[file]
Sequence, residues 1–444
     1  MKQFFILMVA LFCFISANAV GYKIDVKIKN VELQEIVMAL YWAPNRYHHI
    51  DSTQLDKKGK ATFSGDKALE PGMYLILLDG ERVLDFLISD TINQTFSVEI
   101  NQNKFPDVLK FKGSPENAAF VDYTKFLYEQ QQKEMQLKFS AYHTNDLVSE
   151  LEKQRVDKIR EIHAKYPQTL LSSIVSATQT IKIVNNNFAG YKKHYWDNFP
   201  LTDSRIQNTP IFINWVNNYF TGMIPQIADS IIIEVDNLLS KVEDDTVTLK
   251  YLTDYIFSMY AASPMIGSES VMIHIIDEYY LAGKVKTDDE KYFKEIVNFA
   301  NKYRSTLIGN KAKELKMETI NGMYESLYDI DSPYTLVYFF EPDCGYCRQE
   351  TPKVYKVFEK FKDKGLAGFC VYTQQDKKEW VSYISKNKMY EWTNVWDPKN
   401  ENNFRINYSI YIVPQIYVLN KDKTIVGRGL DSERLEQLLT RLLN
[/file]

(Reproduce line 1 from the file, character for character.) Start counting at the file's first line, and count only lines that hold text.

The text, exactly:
Sequence, residues 1–444